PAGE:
This was really good. Usually posts like this are thrown together with Googled information that’s 30 years old and at least half of it is from the school of the absolutists. And it’s usually just click-bait. This was obviously just the opposite. Very refreshing. Great job.

    Scott

  2. Terri Deuel says:

    Interesting information for sure. My take away – Processing with the eyes and the ears is the way to really hear what the other person is saying. Only engaging the ears limits comprehension. Thanks LaRae for your insights.

  3. Terri Klass says:

    Fantastic insights LaRae!

    I have always been intrigued with non-verbal cues and more often than not trusted my gut to read then correctly. When I interact with participants in my workshops, I try to key into what their bodies are actually sharing, not necessarily their words. When those are inconsistent, body language rules.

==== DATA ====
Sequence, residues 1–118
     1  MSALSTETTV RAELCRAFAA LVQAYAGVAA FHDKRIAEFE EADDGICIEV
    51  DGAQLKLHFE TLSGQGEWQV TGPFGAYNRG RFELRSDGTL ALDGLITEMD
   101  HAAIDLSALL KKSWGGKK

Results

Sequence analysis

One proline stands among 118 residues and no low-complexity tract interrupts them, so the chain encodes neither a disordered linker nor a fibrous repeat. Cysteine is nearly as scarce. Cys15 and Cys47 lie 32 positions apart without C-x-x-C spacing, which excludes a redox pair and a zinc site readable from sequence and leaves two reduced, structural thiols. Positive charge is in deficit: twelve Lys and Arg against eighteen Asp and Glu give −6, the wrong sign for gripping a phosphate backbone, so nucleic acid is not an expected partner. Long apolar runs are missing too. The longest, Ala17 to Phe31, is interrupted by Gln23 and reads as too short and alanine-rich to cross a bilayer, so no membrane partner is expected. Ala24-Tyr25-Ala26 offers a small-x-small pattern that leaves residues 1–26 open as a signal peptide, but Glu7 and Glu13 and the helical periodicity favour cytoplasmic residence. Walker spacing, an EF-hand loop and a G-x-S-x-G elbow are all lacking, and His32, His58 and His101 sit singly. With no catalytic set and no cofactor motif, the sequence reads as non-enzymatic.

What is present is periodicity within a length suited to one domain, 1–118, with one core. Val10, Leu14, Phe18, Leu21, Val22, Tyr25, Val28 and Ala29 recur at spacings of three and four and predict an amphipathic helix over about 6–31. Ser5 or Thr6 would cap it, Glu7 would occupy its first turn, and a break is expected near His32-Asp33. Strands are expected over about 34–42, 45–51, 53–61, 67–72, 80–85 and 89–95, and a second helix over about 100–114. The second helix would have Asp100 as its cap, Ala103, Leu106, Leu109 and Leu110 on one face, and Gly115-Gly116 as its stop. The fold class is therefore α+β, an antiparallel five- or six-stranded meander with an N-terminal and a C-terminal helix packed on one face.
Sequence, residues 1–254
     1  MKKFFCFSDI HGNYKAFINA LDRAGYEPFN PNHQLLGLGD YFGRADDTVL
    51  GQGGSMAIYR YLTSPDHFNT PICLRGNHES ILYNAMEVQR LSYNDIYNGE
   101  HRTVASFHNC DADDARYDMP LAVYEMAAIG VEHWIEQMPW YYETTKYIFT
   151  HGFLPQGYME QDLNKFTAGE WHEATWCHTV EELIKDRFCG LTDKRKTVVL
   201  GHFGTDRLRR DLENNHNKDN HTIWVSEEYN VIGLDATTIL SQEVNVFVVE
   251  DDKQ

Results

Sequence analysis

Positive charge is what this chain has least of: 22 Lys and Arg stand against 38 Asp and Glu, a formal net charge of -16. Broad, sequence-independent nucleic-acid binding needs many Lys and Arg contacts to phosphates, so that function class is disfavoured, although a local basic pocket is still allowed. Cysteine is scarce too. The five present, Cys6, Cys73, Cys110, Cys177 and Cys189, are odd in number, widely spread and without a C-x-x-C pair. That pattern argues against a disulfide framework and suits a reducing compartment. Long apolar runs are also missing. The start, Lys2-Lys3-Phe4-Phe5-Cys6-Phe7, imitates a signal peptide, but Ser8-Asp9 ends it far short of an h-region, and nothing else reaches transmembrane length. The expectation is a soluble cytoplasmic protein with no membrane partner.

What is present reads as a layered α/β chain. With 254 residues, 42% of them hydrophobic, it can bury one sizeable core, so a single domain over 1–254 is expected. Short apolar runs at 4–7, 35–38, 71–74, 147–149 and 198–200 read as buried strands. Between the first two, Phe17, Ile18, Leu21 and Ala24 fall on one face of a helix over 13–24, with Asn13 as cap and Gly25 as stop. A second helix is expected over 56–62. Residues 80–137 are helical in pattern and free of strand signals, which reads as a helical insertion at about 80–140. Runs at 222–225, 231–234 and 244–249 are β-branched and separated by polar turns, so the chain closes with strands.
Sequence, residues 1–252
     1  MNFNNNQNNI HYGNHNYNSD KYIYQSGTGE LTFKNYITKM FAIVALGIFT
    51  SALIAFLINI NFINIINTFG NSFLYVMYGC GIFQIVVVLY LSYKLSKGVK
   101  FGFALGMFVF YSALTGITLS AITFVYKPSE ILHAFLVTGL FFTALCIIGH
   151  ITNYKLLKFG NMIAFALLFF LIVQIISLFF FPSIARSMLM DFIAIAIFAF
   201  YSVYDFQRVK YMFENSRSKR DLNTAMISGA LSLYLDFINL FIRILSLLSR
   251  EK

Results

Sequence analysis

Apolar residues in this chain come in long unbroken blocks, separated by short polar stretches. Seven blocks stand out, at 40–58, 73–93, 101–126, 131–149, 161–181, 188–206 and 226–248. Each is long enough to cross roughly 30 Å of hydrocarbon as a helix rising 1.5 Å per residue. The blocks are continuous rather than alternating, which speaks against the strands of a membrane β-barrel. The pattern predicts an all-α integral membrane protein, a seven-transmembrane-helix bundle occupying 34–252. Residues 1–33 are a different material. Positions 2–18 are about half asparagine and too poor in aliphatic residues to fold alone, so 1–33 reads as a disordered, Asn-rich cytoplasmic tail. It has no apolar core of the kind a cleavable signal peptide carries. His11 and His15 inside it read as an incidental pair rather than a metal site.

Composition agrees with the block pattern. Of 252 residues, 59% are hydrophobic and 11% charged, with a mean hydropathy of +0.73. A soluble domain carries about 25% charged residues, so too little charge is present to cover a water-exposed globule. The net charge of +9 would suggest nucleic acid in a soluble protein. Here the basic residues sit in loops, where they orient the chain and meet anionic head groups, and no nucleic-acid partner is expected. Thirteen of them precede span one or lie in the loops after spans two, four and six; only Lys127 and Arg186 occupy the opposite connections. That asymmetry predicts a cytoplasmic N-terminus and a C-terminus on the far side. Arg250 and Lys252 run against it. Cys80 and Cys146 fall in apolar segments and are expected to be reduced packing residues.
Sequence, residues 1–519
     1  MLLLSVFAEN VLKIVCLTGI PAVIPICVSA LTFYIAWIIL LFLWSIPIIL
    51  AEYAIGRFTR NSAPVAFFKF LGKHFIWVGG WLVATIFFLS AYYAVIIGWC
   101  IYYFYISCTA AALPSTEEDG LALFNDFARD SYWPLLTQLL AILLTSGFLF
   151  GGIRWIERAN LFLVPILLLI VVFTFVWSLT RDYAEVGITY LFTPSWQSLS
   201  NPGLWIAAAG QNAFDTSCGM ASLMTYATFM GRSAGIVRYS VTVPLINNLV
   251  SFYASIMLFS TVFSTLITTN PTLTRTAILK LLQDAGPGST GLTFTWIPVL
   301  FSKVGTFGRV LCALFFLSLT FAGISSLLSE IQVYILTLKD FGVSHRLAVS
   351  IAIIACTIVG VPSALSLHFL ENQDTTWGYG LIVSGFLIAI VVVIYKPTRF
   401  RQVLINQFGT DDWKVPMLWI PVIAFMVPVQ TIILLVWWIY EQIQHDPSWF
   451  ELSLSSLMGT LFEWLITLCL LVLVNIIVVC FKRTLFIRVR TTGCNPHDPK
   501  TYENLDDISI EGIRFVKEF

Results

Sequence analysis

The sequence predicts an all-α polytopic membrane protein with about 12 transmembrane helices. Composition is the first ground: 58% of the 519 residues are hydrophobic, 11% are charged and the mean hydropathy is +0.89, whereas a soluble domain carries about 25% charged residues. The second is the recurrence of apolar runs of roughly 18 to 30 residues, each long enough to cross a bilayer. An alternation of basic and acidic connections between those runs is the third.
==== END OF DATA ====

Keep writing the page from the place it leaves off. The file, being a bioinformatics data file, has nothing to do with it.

Thanks for sharing!

  4. Alli Polin says:

    Value packed as always, LaRae. It’s interesting, my kids and I were playing a new game this week, Rat-a-tat Cat and it requires some ability to have a poker face to play well. My children’s body language is like an open book and we talked about how our bodies can tell us more than our words.

    Also interesting, I read in a fiction book this week that a common tell for lying is touching your nose since we have tissue that engorges there when we lie and we’re driven to touch it. I appreciate the reminder that it may not be the tell that we think but it’s a great indicator to keep on digging on a line of thought or questioning to see where it goes.

    Excellent!

    ~ Alli

  5. Karin Hurt says:

    This is a great list. I love the TED talk http://www.ted.com/talks/pamela_meyer_how_to_spot_a_liar It always makes for interesting conversation with my MBA students. It’s also so important to know that other people are reading our body language. If you’re not speaking your truth, chances are you body language will make that clear.

Leave a Reply